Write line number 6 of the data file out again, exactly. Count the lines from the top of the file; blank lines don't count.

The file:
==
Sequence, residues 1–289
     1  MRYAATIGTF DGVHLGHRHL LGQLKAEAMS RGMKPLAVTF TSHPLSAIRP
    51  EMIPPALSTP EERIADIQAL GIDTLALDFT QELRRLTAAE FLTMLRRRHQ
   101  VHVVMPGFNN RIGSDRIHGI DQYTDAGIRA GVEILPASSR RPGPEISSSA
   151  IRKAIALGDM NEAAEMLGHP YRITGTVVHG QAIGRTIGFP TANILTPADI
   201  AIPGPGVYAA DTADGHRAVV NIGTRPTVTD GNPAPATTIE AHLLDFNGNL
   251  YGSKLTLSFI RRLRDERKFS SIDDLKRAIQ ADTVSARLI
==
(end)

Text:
   201  AIPGPGVYAA DTADGHRAVV NIGTRPTVTD GNPAPATTIE AHLLDFNGNL